For the lower scale projects, Mehrdad Gholami’s recent research paper provides guidelines to achieve the required level of satisfaction and can be used by the industry to appropriately size the battery and meet reliability demands. For the larger, longer duration projects, however, the figure illustrates that there is challenge in implementing lithium-ion battery storage. From Stantec’s accumulated experience, at this scale, the high financial premium of lithium batteries in today’s market repels owners from pursuing it. Large-scale alternatives with the most experience or potential are pumped storage hydropower (PSH) and hydrogen. As the U.S. Dept. of Energy notes, PSH provides energy arbitrage opportunities, bulk power and black start capabilities, operational flexibility and non-energy benefits such as flood control, drought protection, recreation, water supply and irrigation. PSH, of course, is highly dependent on the available land’s topography. And in case of non-applicability, it is often hydrogen storage that can provide many of the same benefits as PSH at reduced physical space requirements. That’s why our teams include experts in PSH and hydrogen storage solutions with decades of accumulated experience and expertise.
As a very high-level case study, let’s consider some fabricated numbers of a possible wind farm with battery system. Assuming a wind and storage site with a constant 50 MW of electrical power demand, 28 turbines (6-MW each) totaling 168 MW of installed capacity, a typical Weibull distribution of wind speed with A and k factors of 8.5 m/s and 2, respectively, and a battery with eight hours of demand capacity totaling 400 MWh. One perspective on this system is to look at it from a viewpoint of the battery. Figure 2 shows a histogram of battery charge levels between 0% and 100% over a period of around four months. Whenever the level goes above 100%, the battery is fully charged and the turbines are producing over 50 MW of electricity. This surplus energy can potentially be sold to the grid, if feasible. In cases when the level goes under 0%, the battery is depleted, and the turbines are producing less than 50 MW of power. This displays the periods of energy deficit which can be met with a grid or other solutions such as a solar generation and/or a backup generator.
Depending on the location and wind variability at a given time, the energy surplus over a long term will be similar to the energy deficit over the same period. In other words, the electricity deficit purchases can be partially offset by the surplus sales, making the system economically attractive.
As the country’s largest emitters are working to meet government decarbonization goals, the demand for clean electricity is growing dramatically. The conventional approach of using natural gas generators is not feasible anymore due to the greenhouse gas emissions. That’s why energy storage is coming under the spotlight of importance. Additionally, many of the larger emitters are sited in remote locations where grid connections are infeasible. Yet, there is still a requirement to find alternatives to the traditional gas turbines that have become insufficient in meeting the decarbonization goals.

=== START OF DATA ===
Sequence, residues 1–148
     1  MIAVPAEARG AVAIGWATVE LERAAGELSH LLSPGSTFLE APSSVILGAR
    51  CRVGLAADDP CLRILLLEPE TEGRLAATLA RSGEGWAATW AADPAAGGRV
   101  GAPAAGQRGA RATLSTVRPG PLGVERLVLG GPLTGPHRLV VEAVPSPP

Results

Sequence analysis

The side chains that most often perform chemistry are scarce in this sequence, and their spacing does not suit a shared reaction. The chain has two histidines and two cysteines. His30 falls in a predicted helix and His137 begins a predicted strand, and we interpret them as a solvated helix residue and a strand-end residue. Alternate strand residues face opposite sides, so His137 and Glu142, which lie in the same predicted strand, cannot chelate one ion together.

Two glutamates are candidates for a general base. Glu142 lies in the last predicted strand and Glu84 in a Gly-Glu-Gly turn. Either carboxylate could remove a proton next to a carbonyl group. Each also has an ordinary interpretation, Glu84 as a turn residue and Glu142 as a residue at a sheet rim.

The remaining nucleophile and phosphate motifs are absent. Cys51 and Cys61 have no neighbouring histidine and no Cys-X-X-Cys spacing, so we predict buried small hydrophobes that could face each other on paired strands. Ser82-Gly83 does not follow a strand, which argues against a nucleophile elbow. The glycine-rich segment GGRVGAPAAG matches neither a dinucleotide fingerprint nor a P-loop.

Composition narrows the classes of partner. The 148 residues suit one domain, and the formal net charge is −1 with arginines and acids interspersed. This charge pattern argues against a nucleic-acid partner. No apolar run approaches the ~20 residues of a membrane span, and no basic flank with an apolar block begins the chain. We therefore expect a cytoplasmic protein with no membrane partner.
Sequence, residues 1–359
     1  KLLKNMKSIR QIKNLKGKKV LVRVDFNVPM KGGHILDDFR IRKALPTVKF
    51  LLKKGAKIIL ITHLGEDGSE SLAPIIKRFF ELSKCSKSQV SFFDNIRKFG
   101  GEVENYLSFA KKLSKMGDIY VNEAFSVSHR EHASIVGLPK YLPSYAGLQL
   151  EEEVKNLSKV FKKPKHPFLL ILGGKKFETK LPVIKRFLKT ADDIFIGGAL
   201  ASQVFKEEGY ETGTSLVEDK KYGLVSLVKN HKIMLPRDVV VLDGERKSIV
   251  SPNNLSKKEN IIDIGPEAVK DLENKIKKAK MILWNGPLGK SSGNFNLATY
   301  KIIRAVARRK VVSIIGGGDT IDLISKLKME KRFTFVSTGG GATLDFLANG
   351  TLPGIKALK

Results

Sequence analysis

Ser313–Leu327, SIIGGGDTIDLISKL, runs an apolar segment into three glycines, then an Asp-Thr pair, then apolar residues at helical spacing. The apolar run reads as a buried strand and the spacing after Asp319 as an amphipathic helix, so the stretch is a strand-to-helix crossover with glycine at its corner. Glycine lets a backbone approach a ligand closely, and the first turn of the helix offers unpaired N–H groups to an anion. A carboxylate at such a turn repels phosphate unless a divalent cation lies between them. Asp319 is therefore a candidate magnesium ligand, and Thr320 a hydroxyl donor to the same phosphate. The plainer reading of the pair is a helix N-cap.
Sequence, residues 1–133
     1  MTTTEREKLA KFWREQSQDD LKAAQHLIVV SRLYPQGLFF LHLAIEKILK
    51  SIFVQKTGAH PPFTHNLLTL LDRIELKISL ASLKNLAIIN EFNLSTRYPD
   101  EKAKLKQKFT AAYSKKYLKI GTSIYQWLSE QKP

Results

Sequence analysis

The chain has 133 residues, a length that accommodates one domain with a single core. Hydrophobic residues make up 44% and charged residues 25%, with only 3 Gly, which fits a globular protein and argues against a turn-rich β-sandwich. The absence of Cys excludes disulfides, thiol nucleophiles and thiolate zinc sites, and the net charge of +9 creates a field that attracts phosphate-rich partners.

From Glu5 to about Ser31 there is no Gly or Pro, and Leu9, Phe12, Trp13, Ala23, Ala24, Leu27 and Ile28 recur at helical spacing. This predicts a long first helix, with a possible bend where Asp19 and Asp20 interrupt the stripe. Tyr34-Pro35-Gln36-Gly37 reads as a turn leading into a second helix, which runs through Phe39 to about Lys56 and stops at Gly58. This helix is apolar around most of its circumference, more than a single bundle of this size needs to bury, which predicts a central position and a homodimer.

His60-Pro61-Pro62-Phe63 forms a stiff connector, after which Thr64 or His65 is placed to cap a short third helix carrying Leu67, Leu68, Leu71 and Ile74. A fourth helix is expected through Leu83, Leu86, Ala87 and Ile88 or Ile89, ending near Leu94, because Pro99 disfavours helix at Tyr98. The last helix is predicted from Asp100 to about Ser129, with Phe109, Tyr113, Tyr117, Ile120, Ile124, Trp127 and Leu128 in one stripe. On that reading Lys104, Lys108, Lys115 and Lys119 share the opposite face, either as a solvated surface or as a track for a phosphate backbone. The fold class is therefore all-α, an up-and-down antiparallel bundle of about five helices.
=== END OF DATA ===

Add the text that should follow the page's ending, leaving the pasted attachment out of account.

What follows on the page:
Stantec sees wind as a reasonable economic source of power, coupled with the appropriate energy storage solution. With existing carbon taxes and caps, government decarbonization goals, new tax incentives and ever-decreasing cost of technology, there is a critical first mover advantage of clean power and storage resiliency as a distributed source. Many regions can take advantage of the investment tax credit and help us clear the air of CO2 excess.
Ivan Mednikov is a Renewable Energy Analyst at Stantec with 2 years of professional experience as a structurer and a salesperson of synthetic financial derivative products. He earned a master’s degree in mechanical engineering at the University of Toronto and a bachelor’s degree in industrial engineering with a financial engineering option at the Hong Kong University of Science and Technology. At his previous role, Ivan was responsible for the development of optimization methodologies of global equity custom baskets by analyzing extensive universes of financial data and advising large institutional clients on statistical analyses. At his current tole, he is responsible for the development of hydroelectric and wind power systems as well as optimization of energy usage and decarbonization strategies.
Ivor Shaw is a civil engineer with over 42 years of experience in the energy and power sector in Canada, Ireland, and the US. He has been involved in the development, design, construction, rehabilitation, and commissioning of wind and hydro projects and applications to improve the client’s return on investment. He is a wind, hydro and power delivery specialist with experience in planning, management, design, evaluation, project management, procurement and construction management. Ivor has been involved in multiple complex projects developing innovative and reliable installations in hydro, wind, T&D, and hybrid power projects for public and private entities, ranging from 1-300 MW. He has experience as an owners engineer in IPD, EPCM and EPC approaches, and due diligence.